PianoVerb 2 has such a copious amount of unique charm and character, it has practically invented and defined a new genre of reverberation. I slipped this beauty into the effects chain of a few of my electric guitar and keyboard tracks. “Whoa! What is that?!” I exclaimed to myself. Being the ol' skool kinda guy that I am, I usually go for the best Spring reverb that I can find; until now. Whew! This gee-whiz gadget is a very formidable reverb for guitars. Actually it is most nearly amazing on a sundry assortment of acoustic and electric instruments.
I admit it, gang; I have to work hard to cop the creative-writing chops needed to properly convey just how spectacular this reverb sounds. If you wanna be ‘hep’ you had best download the 14-day fully functional demo and find out for yourself.
If you’re still hobbling along on some old, subpar piano sample library or limping along with a dilapidated synth VSTi, don’t huck them into the trash bin just yet. Give PianoVerb 2 a tryout first. Prepare to hear your tired, old virtual instruments sound as though they got a new lease on life. If it were possible for an inanimate VSTi synth to be born-again, then PianoVerb 2 is definitely the “Prophet” to herald the message. (Synth . . . . Prophet . . . word association . . . get it?)
I’ll be honest with you; I haven’t ventured too far from the factory presets. I don’t feel that I have to – the presets sound so good. I, personally, am one of those home-producers that tends to use factory presets simply as a catalyst to creating so-called “better” and “tweaked” custom settings. Not so with PianoVerb 2. I think the presets are ‘outta sight’! What, with the modulation and resonance transposition controls, there are certainly an abundance of creative boundaries to explore, but for me, the factory presets are keen-o.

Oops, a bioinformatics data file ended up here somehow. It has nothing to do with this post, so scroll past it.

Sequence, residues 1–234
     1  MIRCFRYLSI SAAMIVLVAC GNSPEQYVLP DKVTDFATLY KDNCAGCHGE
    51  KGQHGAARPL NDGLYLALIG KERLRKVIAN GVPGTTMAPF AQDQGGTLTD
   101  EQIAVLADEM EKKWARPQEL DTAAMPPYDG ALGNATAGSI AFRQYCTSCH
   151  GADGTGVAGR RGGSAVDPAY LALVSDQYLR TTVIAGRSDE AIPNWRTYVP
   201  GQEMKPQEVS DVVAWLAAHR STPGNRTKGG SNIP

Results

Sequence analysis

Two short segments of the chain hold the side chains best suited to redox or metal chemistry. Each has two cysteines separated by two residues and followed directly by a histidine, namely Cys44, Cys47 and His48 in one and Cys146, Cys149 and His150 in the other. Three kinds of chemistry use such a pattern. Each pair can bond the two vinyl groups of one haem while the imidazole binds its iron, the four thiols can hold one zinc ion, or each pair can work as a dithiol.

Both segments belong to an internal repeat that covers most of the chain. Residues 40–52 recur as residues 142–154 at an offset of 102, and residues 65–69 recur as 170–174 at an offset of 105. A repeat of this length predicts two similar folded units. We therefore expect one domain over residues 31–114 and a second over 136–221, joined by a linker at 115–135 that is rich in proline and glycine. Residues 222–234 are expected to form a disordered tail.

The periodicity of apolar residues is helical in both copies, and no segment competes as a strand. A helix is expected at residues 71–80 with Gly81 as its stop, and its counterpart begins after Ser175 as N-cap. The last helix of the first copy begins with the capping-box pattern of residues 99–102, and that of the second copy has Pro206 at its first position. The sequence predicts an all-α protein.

Potent, harmonically decadent ambience wraps around your aural senses like plush, silky sonic cushions. There is delightful, opulent, chorused modulation at your beck and call. I don’t know what PSP have done to create this lush modulation, but I do know that it is probably THE BEST reverb modulation that I have heard. I’m not making that statement lightly. I’m including my Lexicon LPX bundle, the reverbs I’ve previously reviewed, and the other high quality plug-ins that I own or have demoed. PianoVerb’s modulation is exquisite; delicate, yet abundant. It stands out among its peers.
Effects & Features: